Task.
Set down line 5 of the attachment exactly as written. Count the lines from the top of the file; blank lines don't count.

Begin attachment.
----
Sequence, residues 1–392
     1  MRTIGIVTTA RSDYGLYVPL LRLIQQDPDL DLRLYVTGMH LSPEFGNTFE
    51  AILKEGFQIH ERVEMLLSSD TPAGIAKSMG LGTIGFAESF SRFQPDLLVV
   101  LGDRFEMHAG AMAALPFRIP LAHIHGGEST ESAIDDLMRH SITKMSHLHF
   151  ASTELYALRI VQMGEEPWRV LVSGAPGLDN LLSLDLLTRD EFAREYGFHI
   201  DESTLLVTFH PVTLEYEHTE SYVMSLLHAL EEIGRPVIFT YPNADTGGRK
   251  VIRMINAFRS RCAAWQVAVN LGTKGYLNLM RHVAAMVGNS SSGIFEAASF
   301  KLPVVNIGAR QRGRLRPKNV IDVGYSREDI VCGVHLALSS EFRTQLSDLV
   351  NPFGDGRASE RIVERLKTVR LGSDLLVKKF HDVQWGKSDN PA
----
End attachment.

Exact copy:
   151  ASTELYALRI VQMGEEPWRV LVSGAPGLDN LLSLDLLTRD EFAREYGFHI